Welsh Labour could do with learning some of the lessons from the Blair years. Tony Blair was a master salesman. He realised his party would never win power across the UK unless they accepted the Thatcherite settlement of low taxation, and it worked. Mr. Blair went on to win three general elections on a premise of retaining the top rate of income tax at 40p in the pound.

"They will always win power"

But Wales is different. The Additional Member System (AMS) used to elect Welsh Assembly members provides Labour an unfair advantage. This is a part of the UK that is strong Labour territory and with a large element of AMS consisting of AMs elected by First-Past-the-Post, the overwhelming majority of elected politicians is likely to be Labour.

Since the creation of the Welsh Assembly in 1999, Welsh Labour has always held power. This is a country they take for granted and they know that even if ideas like a tourism tax are met with universal disapproval, they will always win power. In this political age, no constituency of voters should ever be taken for granted and that is why, despite Labour's unfair electoral advantage in Wales, they should reconsider their proposed tax.

"The idea has not worked abroad"

The idea has not worked abroad and Malaysia has proven why. For the last year, the Malaysian Government has been flirting with the idea of a tourism tax. In 2016, the number of Chinese tourists visiting the nation dropped. The Borneo Post contacted the Meritz Hotel and Bintang Megamall general manager, John Teo, who said Malaysia was not ready for a tourism tax.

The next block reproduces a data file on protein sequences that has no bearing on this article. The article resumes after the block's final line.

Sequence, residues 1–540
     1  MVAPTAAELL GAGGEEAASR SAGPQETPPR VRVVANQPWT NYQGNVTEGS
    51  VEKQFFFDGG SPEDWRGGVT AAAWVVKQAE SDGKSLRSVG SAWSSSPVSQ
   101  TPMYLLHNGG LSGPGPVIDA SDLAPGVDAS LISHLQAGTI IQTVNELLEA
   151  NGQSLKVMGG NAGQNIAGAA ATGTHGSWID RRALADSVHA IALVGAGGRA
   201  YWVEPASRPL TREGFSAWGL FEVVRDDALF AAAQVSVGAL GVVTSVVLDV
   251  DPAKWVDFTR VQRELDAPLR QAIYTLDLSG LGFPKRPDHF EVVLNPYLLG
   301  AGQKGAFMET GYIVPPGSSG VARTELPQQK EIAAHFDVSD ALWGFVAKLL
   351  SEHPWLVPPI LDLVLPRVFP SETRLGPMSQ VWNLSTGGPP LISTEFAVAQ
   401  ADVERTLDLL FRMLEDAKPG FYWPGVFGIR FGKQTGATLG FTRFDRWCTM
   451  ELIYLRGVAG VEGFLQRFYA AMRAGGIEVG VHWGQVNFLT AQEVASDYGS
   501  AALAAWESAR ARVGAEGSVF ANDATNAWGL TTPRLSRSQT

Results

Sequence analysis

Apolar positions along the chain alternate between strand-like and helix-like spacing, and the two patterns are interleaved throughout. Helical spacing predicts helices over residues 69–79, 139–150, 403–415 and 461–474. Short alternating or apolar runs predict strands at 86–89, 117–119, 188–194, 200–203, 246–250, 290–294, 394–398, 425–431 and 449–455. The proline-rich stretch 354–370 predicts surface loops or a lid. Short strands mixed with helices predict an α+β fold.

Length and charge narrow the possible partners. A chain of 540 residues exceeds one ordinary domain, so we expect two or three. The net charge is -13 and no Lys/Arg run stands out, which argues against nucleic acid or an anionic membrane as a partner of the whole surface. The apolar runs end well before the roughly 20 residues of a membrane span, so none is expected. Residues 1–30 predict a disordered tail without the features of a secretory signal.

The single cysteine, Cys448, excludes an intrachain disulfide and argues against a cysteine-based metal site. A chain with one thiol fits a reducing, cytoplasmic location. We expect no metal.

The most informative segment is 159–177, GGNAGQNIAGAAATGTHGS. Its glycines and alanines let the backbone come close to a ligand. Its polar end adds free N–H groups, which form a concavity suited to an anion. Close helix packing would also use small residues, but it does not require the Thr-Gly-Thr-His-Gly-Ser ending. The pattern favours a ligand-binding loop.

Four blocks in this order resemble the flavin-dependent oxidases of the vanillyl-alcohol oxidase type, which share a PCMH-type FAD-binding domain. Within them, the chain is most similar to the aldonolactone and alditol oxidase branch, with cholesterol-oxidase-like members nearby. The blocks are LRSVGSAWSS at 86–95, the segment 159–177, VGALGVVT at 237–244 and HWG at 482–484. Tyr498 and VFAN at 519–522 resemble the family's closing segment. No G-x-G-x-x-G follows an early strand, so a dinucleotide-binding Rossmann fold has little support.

The occupancy rate of four-star and five-star hotels was less than 50 per cent in Sarawak as a result of the proposed tax. Instead, many Chinese tourists flocked to Thailand, Bali and Indonesia, where they are not taxed.

In America, one person wrote a blog in 2016 about how confusing the tourism tax is over there. They said it was complicated because you had to pay a half payment 60 days in advance and a non-refundable final payment 30 days in advance.

From 2006, cities in Italy were allowed to charge tourists an extra tax. This country is one of the most expensive places to visit in Europe as it is and with its economy stagnating, Dino Triantafillou, the managing director of Italian Holidays, warned at the time this would send out the wrong message to British tourists. Cities are allowed to charge an extra five euros per person per day.

It is time for Welsh Labour to remember taxation never increases prosperity.